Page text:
So after all the wild theories about who would succeed Judge Sandile Ngcobo as Chief Justice after his retirement on Sunday, and after all the wild hopes from the women’s lobby that we’d see a skirt on the bench, President Jacob Zuma has chosen conservatively.
At noon on Tuesday Zuma’s office announced he had nominated Judge Mogoeng for the job.
The Judicial Service Commission and political party leaders in Parliament had been given until Wednesday 24 August to give their input, after which Zuma will sign the appointment.
JSC spokesman Dumisa Ntsebeza seemed to have been taken by surprise as he did not appear to know about the appointment. It’s not clear, therefore, when the JSC will be meeting on the matter.
Zuma’s choice of Judge Mogoeng is telling. Other than that Mogoeng is regarded as conservative and is devoutly religious (he is also a pastor and his voicemail message contains the greeting: “God bless you”), he is relatively young (he will be 50 this year) and has about 10 years to go on the bench. Previously from the North West bench, he has been at the Constitutional Court for less than two years, so his lack of experience is a concern.
Perhaps Zuma desperately wanted to avoid a situation similar to the Constitutional dilemma he faced recently when Judge Ngcobo’s term on the bench expired after only 18 months as chief justice. Zuma extended Ngcobo’s term, but the ConCourt ruled this out and Ngcobo stepped down (one day before the ruling was delivered).
Why Ngcobo didn’t have the Constitutional insight to decline Zuma’s offer to extend his term in the first place, is a bit of a puzzle.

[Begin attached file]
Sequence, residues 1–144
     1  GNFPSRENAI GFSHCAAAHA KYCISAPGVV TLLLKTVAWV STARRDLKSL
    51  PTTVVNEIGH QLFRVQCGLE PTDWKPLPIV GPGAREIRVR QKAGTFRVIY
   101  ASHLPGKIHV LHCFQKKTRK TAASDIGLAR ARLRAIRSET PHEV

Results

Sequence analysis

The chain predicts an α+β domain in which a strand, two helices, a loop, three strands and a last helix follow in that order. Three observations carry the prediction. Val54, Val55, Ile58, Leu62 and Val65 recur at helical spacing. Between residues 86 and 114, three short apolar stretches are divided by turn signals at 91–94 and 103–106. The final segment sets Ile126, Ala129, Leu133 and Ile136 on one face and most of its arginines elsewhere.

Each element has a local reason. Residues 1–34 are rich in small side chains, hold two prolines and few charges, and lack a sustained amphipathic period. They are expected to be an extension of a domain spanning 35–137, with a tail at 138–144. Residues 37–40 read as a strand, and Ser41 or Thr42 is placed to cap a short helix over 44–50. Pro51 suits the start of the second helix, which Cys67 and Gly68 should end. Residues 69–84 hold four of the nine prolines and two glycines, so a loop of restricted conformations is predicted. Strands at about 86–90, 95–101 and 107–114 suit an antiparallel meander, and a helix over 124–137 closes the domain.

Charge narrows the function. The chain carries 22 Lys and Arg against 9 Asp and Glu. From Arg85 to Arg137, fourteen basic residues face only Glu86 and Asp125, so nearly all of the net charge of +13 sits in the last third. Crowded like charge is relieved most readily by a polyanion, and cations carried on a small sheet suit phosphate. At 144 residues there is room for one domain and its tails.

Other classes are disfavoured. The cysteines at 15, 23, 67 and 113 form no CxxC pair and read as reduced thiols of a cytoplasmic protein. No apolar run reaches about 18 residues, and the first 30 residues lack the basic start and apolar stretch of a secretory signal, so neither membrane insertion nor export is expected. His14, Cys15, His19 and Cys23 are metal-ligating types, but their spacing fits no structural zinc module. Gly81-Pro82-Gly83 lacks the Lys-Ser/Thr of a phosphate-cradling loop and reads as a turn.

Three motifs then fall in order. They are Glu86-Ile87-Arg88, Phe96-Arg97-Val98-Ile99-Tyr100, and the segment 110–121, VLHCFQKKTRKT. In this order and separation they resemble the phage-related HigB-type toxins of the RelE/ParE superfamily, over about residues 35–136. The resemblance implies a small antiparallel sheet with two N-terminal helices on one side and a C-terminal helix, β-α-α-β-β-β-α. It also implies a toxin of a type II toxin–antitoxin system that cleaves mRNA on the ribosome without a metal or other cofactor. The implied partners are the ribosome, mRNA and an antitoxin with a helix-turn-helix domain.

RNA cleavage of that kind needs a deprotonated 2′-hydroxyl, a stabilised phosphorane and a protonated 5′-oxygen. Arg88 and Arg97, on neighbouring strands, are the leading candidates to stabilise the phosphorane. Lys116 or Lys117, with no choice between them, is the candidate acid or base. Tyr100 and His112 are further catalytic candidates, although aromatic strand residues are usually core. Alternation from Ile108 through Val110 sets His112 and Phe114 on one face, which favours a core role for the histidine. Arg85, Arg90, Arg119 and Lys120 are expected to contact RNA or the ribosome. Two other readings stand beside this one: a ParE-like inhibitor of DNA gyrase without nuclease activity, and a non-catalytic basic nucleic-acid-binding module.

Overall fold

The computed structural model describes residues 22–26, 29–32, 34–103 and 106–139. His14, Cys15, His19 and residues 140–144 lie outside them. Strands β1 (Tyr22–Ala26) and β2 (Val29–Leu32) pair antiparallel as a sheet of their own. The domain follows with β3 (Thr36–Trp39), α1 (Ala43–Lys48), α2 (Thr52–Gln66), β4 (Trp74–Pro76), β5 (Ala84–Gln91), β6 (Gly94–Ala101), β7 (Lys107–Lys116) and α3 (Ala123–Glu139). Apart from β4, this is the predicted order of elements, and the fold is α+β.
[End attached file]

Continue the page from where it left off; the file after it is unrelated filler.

He must have been keen to continue his historic and invaluable institutional work on transforming the office of the chief justice into an independent institution. In this respect, Mogoeng, as head of the task team that has been working on this issue, will provide continuity. A lot still needs to be done on this and the next couple of years will be crunch time.
The national assembly’s justice committee is processing the Superior Courts Bill and the 17th Constitutional Amendment Bill, which will grant the office of the chief justice complete independence and put him in charge of all courts –in terms of administration and finance too– from the justice department to make the separation of powers absolute. It’s been a gripe of the judiciary for ages that they had to apply to the justice department for, say, new stationery. He would also be overseeing a new code of conduct for the judiciary – something the judges haven’t been too keen on.
Although there is set to be shock among liberals over Justice Mogoeng’s appointment, DA leader Helen Zille’s reaction was cautious. “We will discuss and debate the president’s nominee internally before we comment on Justice Mogoeng’s suitability for the office of chief justice.” DM
Photo: Oupa Nkosi/Mail&Guardian
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